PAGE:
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History of the Decline and Fall of the Roman Empir

He possessed the Syriac literature


109: This name, unknown till the xth century, appears to be of Syriac origin. It was invented by the Jacobites, and eagerly adopted by the Nestorians and Mahometans; but it was accepted without shame by the Catholics, and is frequently used in the Annals of Eutychius, (Asseman. Bibliot. Orient. tom. ii. p. 507, &c., tom. iii. p. 355. Renaudot, Hist. Patriarch. Alexandrin. p. 119.), was the acclamation of the fathers of Constantinople, (Concil. tom. vii. p. 765.)]

[Footnote 110: The Syriac, which the natives revere as the primitive language, was divided into three dialects. 1. The Aramoean, as it was refined at Edessa and the cities of Mesopotamia. 2. The Palestine, which was used in Jerusalem, Damascus, and the rest of Syria. 3. The Nabathoean, the rustic idiom of the mountains of Assyria and the villages of Irak, (Gregor, Abulpharag. Hist. Dynast. p. 11.) On the Syriac, sea Ebed-Jesu, (Asseman. tom. iii. p. 326, &c.,) whose prejudice alone could prefer it to the Arabic.]

[Footnote 111: I shall not enrich my ignorance with the spoils of Simon, Walton, Mill, Wetstein, Assemannus, Ludolphus, La Croze, whom I have consulted with some care. It appears, 1. That, of all the versions which are celebrated by the fathers, it is doubtful whether any are now extant in their pristine integrity. 2. That the Syriac has the best claim, and that the consent of the Oriental sects is a proof that it is more ancient than their


[Footnote 112: In the account of the Monophysites and Nestorians, I am deeply indebted to the Bibliotheca Orientalis Clementino-Vaticana of Joseph Simon Assemannus. That learned Maronite was despatched, in the year 1715, by Pope Clement XI. to visit the monasteries of Egypt and Syria, in search of Mss. His four folio volumes, published at Rome 1719--1728, contain a part only, though perhaps the most valuable, of his extensive project. As a native and as a scholar, he possessed the Syriac literature; and though a dependent of Rome, he wishes to be moderate and candid.]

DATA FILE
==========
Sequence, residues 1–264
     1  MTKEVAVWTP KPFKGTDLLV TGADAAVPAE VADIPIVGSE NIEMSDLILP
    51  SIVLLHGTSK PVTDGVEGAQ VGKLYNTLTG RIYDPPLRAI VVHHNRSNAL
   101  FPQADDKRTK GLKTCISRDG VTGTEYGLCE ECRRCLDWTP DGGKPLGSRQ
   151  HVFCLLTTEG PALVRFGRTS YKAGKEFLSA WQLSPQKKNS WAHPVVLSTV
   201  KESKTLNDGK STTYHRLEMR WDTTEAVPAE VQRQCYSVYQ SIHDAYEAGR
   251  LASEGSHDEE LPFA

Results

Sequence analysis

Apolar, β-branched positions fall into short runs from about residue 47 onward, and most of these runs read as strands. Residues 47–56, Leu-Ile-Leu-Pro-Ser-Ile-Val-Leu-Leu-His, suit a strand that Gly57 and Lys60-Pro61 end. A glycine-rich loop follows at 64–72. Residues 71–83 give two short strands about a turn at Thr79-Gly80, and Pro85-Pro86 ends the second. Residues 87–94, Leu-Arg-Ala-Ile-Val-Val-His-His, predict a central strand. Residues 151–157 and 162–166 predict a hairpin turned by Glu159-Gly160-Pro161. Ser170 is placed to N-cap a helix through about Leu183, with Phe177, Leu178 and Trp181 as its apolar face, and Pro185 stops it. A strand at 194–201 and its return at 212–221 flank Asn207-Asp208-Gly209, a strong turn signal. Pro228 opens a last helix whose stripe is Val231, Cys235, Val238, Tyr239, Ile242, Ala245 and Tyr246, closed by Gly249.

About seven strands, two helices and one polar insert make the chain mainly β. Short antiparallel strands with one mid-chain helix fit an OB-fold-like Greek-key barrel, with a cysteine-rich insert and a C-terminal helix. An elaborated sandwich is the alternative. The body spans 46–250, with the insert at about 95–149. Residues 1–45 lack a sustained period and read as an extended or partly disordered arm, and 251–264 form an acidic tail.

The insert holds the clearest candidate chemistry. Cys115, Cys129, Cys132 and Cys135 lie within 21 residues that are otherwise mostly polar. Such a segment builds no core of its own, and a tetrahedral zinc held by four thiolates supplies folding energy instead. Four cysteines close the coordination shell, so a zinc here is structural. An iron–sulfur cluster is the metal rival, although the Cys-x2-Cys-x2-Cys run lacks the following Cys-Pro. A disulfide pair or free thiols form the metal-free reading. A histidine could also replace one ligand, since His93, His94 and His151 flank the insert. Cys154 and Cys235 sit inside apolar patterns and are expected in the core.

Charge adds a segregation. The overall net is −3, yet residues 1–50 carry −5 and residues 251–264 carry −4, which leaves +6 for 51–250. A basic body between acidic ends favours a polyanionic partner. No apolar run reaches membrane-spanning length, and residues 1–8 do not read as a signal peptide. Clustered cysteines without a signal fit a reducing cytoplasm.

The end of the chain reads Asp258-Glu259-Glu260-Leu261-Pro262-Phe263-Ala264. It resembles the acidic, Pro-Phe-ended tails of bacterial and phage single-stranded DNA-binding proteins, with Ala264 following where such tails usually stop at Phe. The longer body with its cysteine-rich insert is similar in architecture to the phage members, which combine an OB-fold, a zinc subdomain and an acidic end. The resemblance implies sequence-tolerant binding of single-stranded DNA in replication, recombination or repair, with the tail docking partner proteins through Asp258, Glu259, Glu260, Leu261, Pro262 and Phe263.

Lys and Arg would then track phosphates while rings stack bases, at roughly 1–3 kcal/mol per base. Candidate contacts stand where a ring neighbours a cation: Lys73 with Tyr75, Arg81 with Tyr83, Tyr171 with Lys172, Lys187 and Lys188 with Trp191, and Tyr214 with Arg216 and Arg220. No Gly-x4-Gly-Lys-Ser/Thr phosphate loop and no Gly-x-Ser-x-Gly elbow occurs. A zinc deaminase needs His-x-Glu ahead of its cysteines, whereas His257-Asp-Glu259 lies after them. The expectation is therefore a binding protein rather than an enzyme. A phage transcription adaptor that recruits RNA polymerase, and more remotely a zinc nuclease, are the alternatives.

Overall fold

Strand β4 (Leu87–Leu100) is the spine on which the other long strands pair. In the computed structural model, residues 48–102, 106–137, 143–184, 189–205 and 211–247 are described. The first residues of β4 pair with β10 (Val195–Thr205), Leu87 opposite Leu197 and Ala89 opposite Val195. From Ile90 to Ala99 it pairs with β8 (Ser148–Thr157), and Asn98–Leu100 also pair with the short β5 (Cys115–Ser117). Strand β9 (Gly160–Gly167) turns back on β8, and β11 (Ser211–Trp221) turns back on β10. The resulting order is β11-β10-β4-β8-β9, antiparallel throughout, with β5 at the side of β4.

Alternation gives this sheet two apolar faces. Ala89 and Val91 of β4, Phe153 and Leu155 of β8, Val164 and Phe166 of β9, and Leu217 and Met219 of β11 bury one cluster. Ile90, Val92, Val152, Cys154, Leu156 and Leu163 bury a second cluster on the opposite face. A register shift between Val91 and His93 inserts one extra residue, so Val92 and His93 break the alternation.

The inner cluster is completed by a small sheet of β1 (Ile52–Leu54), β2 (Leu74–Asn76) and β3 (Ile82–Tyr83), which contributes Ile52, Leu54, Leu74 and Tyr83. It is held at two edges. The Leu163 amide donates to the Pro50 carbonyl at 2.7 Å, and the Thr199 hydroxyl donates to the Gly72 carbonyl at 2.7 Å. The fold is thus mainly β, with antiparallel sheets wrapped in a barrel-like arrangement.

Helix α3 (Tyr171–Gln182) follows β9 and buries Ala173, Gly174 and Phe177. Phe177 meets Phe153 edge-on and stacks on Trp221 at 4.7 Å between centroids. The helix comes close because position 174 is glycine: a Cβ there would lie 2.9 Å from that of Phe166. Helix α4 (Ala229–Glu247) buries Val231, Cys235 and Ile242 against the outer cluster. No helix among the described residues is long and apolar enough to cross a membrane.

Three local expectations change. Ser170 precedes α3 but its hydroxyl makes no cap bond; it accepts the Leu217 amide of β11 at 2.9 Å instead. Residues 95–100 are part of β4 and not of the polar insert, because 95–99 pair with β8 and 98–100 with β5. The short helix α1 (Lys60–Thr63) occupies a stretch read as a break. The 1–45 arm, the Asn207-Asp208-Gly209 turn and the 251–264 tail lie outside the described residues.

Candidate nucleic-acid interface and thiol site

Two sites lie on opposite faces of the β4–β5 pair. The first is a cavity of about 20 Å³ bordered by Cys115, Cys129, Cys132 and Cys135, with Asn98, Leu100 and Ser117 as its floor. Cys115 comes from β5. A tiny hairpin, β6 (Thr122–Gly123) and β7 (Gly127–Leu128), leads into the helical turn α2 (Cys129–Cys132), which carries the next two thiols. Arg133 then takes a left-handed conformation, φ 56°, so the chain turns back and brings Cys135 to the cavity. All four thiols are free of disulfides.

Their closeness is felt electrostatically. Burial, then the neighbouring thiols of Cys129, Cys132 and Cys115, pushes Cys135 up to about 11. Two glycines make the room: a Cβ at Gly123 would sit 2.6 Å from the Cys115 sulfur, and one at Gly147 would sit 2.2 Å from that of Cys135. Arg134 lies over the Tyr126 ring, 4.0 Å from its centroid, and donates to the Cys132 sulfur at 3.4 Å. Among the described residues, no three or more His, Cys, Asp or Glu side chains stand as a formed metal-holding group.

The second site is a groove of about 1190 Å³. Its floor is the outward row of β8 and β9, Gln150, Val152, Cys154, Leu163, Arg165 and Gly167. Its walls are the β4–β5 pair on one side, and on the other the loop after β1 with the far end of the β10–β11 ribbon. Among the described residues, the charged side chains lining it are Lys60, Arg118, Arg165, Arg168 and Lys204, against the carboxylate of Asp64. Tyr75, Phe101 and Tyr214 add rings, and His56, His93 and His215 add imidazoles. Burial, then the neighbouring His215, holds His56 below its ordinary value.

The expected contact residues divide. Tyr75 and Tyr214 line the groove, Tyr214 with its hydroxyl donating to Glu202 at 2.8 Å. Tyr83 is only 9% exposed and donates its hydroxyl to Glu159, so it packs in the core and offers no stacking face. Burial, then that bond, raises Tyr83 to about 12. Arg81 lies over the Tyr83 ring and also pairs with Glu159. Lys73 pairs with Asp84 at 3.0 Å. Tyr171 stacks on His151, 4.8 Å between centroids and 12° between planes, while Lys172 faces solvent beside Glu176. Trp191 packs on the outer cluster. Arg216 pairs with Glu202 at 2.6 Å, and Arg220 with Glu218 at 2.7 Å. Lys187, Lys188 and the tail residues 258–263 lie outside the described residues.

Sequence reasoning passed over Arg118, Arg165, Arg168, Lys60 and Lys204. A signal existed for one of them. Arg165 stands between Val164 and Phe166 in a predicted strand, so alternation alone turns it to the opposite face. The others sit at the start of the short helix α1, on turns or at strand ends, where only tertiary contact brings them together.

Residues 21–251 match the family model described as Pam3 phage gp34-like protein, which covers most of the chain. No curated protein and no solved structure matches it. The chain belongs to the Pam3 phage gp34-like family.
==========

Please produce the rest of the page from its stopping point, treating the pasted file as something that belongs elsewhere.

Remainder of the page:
Chapter XLVII: Ecclesiastical Discord.--Part V.

I. Both in his native and his episcopal province, the heresy of the unfortunate Nestorius was speedily obliterated. The Oriental bishops, who at Ephesus had resisted to his face the arrogance of Cyril, were mollified by his tardy concessions. The same prelates, or their successors, subscribed, not without a murmur, the decrees of Chalcedon; the power of the Monophysites reconciled them with the Catholics in the conformity of passion, of interest, and, insensibly, of belief; and their last reluctant sigh was breathed in the defence of the three chapters. Their dissenting brethren, less moderate, or more sincere, were crushed by the penal laws; and, as early as the reign of Justinian, it became difficult to find a church of Nestorians within the limits of the Roman empire. Beyond those limits they had discovered a new world, in which they might hope for liberty, and aspire to conquest. In Persia, notwithstanding the resistance of the Magi, Christianity

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